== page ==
The medical device industry is a niche field globally and among the fastest growing industries in India. It requires specialised and interdisciplinary skills, as well as knowledge for innovation of new product development. New product development has four key phases: need finding, concept generation, engineering and validation. The first two phases require broad vertical and lateral thinking to come up with innovative plus appropriate solutions. Thus, multidisciplinary teams made up of experienced individuals with interdisciplinary knowledge enhance the phase outputs. The next two phases are iterative, usually requiring management of multiple subsystems, across technical disciplines and system integration. Without interdisciplinary product members and technical leaders, product development is not optimised. This leads to numerous iterations - loss of time, money. The industry struggles to find these interdisciplinary resources and building this capacity today takes a decade in India, with the entire burden falling on the industry. In well-developed medical device markets, higher education has introduced application-centric courses with cross-disciplinary curriculums. Such a structure allows students to gain valuable skills and understanding of the industry as a whole. Developed ecosystems have no shortage of experts available who serve as technical leaders. Developing countries like India have a very young indigenous medical device industry. In such nations, private companies struggle to find experienced individuals capable of interdisciplinary thinking and problem-solving. In this paper, we present India's current Medtech perspective, and the industry member's experiences through case studies and interviews. An outline for an academic model to meet the requirement of the industry has been presented.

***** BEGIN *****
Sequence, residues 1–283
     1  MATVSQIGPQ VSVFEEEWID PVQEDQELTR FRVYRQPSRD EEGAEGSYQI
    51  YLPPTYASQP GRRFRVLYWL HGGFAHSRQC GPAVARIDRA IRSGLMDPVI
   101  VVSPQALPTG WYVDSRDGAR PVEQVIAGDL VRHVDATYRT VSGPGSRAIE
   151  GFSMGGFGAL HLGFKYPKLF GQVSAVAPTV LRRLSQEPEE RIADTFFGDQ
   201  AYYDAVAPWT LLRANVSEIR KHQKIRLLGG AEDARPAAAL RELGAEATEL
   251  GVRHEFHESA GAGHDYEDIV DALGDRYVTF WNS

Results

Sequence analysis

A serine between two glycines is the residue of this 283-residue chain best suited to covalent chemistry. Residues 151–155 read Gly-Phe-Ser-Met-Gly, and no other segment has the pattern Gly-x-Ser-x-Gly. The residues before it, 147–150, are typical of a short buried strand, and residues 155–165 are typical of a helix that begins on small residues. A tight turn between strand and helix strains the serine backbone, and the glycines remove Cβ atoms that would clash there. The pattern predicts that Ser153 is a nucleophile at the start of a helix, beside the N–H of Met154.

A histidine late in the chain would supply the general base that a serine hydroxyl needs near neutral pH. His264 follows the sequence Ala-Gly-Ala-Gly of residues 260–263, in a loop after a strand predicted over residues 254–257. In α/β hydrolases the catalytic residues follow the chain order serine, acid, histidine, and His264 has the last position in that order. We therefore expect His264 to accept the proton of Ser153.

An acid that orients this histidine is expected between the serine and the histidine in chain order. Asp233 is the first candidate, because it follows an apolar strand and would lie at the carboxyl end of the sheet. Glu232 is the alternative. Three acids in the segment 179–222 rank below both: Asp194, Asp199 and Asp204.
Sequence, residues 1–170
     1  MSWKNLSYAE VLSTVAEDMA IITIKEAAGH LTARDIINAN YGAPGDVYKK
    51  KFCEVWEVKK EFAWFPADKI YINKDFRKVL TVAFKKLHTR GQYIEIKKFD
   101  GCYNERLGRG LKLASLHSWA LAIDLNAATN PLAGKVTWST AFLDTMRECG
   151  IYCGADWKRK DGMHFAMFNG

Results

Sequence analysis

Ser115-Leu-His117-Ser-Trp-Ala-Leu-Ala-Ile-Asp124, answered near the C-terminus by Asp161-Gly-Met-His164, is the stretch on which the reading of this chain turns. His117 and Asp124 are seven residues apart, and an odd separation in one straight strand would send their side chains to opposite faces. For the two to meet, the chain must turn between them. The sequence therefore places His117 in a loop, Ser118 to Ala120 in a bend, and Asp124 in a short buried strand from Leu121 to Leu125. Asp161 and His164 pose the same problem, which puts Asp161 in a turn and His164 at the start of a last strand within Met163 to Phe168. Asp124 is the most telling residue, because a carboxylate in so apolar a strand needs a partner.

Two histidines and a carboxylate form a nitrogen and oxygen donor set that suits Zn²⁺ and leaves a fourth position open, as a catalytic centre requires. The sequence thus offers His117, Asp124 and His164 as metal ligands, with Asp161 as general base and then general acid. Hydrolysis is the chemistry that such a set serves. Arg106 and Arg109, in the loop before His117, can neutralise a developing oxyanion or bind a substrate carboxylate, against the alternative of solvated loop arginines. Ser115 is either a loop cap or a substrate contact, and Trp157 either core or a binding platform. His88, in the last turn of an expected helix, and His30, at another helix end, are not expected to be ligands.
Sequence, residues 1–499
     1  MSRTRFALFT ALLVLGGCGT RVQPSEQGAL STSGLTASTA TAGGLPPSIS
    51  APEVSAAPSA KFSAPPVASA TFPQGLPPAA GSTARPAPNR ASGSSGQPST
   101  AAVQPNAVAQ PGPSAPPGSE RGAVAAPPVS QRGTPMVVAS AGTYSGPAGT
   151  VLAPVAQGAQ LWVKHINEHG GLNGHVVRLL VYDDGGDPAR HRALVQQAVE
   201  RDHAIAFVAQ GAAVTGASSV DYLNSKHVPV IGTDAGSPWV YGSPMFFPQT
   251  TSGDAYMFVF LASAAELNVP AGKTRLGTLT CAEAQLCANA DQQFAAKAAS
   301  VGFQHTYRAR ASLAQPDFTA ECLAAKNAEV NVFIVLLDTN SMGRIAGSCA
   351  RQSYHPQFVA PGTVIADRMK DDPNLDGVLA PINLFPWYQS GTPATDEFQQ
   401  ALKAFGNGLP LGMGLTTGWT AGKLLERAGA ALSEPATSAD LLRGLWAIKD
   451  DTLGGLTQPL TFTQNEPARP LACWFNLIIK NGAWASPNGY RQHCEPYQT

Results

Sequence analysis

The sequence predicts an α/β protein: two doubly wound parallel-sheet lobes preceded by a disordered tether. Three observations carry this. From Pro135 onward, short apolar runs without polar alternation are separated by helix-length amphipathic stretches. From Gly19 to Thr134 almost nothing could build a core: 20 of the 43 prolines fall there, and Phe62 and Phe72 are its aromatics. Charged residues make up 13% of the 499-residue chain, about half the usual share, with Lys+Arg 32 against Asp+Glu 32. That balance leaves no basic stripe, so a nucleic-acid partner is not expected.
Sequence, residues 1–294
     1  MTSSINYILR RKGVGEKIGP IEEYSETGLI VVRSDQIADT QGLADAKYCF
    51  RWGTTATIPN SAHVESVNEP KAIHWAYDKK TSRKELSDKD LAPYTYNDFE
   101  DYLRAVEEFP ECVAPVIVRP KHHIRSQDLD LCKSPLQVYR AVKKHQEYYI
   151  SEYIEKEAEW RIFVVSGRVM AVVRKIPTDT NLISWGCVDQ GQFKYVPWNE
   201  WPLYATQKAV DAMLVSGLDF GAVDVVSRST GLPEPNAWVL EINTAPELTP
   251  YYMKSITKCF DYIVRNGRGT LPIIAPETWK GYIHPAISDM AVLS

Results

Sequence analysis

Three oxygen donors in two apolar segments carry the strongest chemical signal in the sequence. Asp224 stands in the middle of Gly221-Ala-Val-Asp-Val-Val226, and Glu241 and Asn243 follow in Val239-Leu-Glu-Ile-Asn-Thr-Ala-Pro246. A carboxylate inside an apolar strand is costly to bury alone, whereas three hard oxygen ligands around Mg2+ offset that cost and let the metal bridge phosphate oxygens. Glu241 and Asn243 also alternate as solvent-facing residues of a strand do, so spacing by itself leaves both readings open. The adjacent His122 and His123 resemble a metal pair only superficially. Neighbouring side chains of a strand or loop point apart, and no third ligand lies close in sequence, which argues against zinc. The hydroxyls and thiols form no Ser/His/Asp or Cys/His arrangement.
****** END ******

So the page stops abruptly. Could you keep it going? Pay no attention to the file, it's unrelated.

- Medical Devices
- Systems engineering